Someone was asking me about a situation that I have discussed before, he said it was helpful to hear and suggested that I put it up here on the blog to share with you….
Not long ago I was working for a business owner that was very competent at his job, he knew his stuff, he was knowledgeable and educated. He could give good advice. His bedside manner and his style was something that I did not enjoy, however. I joined up with him with one expectation only to find out what he was like in the day to day job. He was a micromanager, generally unpleasant, changed his mind frequently, and was not a good boss, in my opinion.
I began to really focus on his mannerisms, his slightly hostile reactions, his general short nature. I was really getting unhappy. At the same time I was looking for a Plan B, for a way out. I was getting frustrated, depressed, even scared. I wanted to get out, get another job- any job- even if a step back.
Over time this attitude of mine created problems, as you can guess. I got stressed, even physically ill especially in the mornings before work. I blamed myself for misreading the owner, the situation. I blamed myself for putting my family and I in a bad position. I even felt sorry for myself.
Around that time I remember talking to someone and she were telling me about her job. She was a nurse and had a boss that had some of the same traits as the above mentioned items. She focused on her boss’s negative attitude and comments.
From an objective viewpoint, I was able to see that she was focusing on what didn’t work, she was paying attention only to the weaknesses. I suggested that she focus on what did work, and pay attention to what her boss did right, her boss’s strengths. (It was easy for me to see a solution when it was removed from my own personal life) She was miserable until she chose to focus on her boss’s good traits. Her day to day life became better.
I laughed and realized that her situation was essentially the same as mine. I was paying attention only to my boss’s weaknesses and traits that were problematic. So I began to list things he did well. He was good at X, Y, Z, and did certain things well. I wrote down that I had a job, a salary, benefits, and I would do this several times a week. I practiced gratitude. Since I was being hard on myself about the situation, I also wrote things that I did right in this situation and other times in my past – accomplishments, good ideas, good choices, etc. Frankly it was hard at first to list good things about him or I. Then it became easier.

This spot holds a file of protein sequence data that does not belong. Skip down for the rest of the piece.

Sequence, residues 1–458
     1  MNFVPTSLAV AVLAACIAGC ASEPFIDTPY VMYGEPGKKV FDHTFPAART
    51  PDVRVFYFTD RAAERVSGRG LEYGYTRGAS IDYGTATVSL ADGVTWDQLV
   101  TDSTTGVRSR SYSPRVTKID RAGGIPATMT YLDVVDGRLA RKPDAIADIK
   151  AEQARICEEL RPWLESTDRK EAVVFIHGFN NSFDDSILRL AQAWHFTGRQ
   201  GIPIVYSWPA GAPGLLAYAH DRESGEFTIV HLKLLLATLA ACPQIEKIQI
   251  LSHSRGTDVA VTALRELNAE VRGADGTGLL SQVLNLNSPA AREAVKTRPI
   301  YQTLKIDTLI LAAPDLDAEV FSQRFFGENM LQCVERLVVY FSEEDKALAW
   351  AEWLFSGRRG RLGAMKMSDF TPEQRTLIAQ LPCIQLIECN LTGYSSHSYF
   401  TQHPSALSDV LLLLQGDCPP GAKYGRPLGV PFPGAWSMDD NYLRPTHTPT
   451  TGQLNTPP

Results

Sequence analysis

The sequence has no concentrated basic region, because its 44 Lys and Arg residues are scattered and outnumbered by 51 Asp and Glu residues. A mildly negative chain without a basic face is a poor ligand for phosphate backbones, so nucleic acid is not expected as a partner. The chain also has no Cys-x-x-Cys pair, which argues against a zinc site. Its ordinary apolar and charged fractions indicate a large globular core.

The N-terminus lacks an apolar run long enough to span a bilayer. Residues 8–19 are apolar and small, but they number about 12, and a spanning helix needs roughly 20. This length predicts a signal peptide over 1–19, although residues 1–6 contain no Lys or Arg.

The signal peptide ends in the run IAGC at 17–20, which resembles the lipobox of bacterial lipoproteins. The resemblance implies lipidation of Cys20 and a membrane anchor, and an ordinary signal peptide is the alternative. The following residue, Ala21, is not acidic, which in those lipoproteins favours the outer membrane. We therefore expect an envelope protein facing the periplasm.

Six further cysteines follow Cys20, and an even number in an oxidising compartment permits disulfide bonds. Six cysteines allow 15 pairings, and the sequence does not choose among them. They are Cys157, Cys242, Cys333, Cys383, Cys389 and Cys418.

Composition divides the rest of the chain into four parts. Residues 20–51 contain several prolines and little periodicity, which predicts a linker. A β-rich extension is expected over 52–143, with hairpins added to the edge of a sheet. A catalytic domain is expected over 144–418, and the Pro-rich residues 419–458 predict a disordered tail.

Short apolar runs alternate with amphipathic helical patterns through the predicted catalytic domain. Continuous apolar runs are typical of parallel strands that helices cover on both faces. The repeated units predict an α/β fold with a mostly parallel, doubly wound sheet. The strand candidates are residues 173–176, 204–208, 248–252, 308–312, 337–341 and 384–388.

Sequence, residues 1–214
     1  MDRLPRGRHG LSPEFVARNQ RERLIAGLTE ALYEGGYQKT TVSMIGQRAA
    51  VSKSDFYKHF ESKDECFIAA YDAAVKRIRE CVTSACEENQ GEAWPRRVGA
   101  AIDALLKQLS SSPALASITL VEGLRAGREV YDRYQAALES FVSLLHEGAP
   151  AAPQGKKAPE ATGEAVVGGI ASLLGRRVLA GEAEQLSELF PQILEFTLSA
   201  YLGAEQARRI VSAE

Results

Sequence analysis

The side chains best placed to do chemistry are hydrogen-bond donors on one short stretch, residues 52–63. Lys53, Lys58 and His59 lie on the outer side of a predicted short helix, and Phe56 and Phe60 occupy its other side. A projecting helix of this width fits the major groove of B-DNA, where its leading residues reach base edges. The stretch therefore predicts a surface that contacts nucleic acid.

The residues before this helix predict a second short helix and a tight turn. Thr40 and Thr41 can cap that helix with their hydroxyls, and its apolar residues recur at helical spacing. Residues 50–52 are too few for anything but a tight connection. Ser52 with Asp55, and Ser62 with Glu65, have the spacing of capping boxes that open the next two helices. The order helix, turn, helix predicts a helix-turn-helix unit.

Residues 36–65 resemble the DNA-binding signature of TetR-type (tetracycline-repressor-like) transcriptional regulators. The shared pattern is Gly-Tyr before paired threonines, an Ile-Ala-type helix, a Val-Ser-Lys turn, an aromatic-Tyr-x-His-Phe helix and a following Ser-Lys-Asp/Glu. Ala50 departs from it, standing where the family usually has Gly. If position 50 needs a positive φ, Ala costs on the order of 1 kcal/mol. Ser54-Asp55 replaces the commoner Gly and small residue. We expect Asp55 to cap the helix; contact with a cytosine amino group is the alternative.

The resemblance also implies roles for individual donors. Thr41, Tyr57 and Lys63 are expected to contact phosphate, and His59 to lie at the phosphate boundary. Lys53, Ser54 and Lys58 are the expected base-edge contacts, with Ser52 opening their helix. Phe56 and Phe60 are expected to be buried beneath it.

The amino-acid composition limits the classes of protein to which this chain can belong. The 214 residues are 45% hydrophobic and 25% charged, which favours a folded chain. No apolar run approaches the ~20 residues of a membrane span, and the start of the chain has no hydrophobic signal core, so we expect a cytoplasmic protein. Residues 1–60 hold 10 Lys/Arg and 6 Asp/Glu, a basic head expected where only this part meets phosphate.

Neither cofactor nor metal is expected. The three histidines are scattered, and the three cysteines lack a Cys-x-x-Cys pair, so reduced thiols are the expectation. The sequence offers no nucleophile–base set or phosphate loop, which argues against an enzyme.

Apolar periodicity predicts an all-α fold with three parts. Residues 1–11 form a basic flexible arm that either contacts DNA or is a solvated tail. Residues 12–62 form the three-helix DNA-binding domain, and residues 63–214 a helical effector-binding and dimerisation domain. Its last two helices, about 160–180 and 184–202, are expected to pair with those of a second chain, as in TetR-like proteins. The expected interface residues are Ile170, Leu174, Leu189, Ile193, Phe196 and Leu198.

Life wasn’t perfect. I still knew that I wanted to move on from that job but paying attention to the good stuff definitely helped my stress level, my health, my marriage, and it helped the relationship with my boss. I even did better at work, which improved the situation. I also made a list of what I wanted – before I knew that I didn’t want this position because of A, B, and C but I wasn’t clear on what I wanted. So I wrote down things I wanted in a new role. All of this made me calmer, more relaxed, happier. It seems simple, even a little silly but I am here to tell you that it helped a lot.
Eventually I did move on to another position where I was happier and I had more freedom, choices, and that was a better fit. I was even able to earn more money and put more into my own pocket. I had more control. I believe that my switch to focusing on what worked, instead of what didn’t work, helped me tremendously. Focusing on what I wanted, instead of what I didn’t want definitely clarified my actions, steps, and helped my future move ahead.
“Focus on where you want to go, not on what you fear.”
― Anthony Robbins
So….ask yourself from time to time…”What are you looking at?”
It is more than simply positive thinking….it is looking at the things that are working in life, things that you have done well, things that others do well, positive personality traits. Looking at what we want instead of what we don’t want can really make a difference, too.